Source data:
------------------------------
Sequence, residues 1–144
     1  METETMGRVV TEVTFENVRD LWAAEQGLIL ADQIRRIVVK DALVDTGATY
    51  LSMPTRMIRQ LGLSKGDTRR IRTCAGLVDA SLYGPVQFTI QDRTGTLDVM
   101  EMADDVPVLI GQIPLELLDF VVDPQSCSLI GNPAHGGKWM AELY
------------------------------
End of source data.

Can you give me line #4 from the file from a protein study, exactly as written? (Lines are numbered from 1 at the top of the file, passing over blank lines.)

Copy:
   101  EMADDVPVLI GQIPLELLDF VVDPQSCSLI GNPAHGGKWM AELY